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Reliance on government support by renters likely to increase after Brexit

The amount of money the State pays in Hap will also increase if Brexit results in further rent hikes in the capital.
Nov 13th 2018, 10:15 AM 11,023 38

MORE FAMILIES ARE likely to be dependent on government support to afford accommodation after Brexit as rents increase and income growth slows down. 

Speaking later today, Kieran McQuinn, research professor and head of economics at the Economic and Social Research Institute (ESRI) will tell TDs and Senators that Brexit could result in a large number of people moving to Ireland from the UK. 

The Oireachtas Committee on Housing, Planning and Local Government will hear that Dublin in particular would see an increase in housing demand. 

“Brexit induced reductions in income and employment, or increased inwards migration to Dublin, could also have implications for what will soon be the government’s main income related social housing support for private renters: Housing Assistance Payment (Hap),” McQuinn will explain.

Eligibility for Hap is determined by a family’s disposable income, with maximum limits set on the rent that can be covered. If income and employment growth are slower than anticipated due to Brexit, the numbers of families that qualify for Hap over the coming years will likely be higher than currently expected.

The amount of money the State has to spend on Hap in the capital is also likely to be higher if there is greater migration to Dublin, increasing rents. According to the latest report from, rents in the capital are now 36% higher than their Celtic Tiger peak.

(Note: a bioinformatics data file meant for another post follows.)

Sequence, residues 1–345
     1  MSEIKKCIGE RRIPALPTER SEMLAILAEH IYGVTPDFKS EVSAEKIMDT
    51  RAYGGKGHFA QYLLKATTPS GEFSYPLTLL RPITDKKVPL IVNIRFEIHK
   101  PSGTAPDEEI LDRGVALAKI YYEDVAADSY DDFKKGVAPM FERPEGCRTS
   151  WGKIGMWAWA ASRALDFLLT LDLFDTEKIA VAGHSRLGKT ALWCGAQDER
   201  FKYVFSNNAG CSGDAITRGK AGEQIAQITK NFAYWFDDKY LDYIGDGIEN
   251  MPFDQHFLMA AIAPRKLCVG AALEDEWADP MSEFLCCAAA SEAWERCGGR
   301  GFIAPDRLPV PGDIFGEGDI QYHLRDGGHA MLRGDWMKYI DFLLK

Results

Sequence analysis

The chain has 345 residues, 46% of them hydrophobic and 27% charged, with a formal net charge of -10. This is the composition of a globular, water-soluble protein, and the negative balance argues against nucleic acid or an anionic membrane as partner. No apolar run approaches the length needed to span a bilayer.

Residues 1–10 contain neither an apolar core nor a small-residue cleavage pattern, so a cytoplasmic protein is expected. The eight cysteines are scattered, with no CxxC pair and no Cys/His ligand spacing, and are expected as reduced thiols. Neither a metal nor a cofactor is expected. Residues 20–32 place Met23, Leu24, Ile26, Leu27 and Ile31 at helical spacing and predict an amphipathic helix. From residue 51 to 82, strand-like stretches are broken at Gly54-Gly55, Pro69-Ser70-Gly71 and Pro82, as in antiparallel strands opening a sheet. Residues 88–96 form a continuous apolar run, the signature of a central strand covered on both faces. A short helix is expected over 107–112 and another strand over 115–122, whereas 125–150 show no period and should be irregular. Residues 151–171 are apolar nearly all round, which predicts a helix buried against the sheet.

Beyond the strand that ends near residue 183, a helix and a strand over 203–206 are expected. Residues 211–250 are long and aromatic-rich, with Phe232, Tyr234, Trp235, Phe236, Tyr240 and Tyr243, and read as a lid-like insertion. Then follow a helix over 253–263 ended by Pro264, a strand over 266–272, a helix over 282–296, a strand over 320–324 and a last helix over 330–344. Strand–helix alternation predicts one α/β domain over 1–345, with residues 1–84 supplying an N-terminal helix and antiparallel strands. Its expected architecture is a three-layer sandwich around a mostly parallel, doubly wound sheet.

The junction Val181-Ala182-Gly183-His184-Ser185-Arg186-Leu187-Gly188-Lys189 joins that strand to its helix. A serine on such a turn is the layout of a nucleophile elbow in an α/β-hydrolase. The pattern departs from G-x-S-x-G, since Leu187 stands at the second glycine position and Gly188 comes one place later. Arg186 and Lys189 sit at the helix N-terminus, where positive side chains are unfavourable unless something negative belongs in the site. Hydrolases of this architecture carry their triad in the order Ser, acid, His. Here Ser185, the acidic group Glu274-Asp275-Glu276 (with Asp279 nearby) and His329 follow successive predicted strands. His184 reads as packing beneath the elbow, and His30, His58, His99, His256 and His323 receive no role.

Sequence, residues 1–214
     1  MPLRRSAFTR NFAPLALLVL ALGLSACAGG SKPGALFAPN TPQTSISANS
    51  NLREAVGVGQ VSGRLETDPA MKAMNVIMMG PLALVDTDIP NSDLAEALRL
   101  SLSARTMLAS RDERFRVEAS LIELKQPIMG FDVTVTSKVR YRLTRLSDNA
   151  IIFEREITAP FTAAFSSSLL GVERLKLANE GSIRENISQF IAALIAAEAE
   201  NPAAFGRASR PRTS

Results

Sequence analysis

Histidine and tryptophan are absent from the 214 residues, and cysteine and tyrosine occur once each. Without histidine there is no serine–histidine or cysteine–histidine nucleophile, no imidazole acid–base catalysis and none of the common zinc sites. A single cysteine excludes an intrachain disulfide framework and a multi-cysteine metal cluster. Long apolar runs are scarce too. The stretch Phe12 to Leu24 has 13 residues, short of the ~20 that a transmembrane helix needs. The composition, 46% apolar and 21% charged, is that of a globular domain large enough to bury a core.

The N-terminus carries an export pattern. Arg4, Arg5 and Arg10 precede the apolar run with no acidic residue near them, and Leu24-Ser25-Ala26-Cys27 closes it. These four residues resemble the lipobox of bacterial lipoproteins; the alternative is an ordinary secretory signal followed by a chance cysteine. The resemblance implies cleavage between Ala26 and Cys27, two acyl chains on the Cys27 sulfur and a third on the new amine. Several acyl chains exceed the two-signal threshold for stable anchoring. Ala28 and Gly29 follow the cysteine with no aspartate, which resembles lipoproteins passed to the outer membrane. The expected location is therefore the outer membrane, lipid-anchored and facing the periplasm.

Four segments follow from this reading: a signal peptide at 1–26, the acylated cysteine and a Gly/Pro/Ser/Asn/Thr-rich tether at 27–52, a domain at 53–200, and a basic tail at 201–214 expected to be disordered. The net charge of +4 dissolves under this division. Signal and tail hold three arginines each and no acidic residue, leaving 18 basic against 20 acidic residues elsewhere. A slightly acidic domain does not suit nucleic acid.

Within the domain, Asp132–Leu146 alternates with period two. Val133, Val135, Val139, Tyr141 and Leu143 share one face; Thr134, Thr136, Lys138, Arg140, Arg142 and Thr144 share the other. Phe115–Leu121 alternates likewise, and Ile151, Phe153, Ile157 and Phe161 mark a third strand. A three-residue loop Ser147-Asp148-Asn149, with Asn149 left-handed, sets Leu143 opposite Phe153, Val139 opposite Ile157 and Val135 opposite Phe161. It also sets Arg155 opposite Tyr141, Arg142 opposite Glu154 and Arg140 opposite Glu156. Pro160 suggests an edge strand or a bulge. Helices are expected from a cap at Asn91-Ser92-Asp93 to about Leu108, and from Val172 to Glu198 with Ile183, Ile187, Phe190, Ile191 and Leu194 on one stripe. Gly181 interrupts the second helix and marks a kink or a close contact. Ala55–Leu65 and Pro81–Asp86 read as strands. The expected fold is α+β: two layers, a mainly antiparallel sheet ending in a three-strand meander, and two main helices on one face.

On the other hand, because Brexit will have an adverse impact on domestic economic activity, it may actually reduce the number of people coming to work in the country which would reduce the demand for housing and lower house price growth according to McQuinn.

Developer-led model

Tom Healy, director of the Nevin Economic Research Institute (Neri), will also speak to the committee, telling them that it really is not possible to predict with any accuracy the net impact of Brexit now. 

However he will tell TDs and senators that the possible or likely impact of migration or investment flows, not only on housing demand but on demand for public services, needs to be considered.

Healy, in his opening statement, will give two reasons why he believes the current approach to the housing crisis is not working: 

  1. It relies excessively on a developer-led model to fill the gap left as a result of systematic winding of public house building over recent decades.
  2. The cost of construction, including development land, poses a major problem for supply.

It is likely, according to Healy, that there will be particular pressure on the rental sector in the Greater Dublin area. 

“On balance, the impact on housing of the UK’s withdrawal from the EU may be not far from neutral as negative and positive effects cancel each other out. However, what is true in the aggregate may not be true in particular regions and locations worst affected by Brexit.”

You can watch the committee meeting from 11am today here

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Michelle Hennessy


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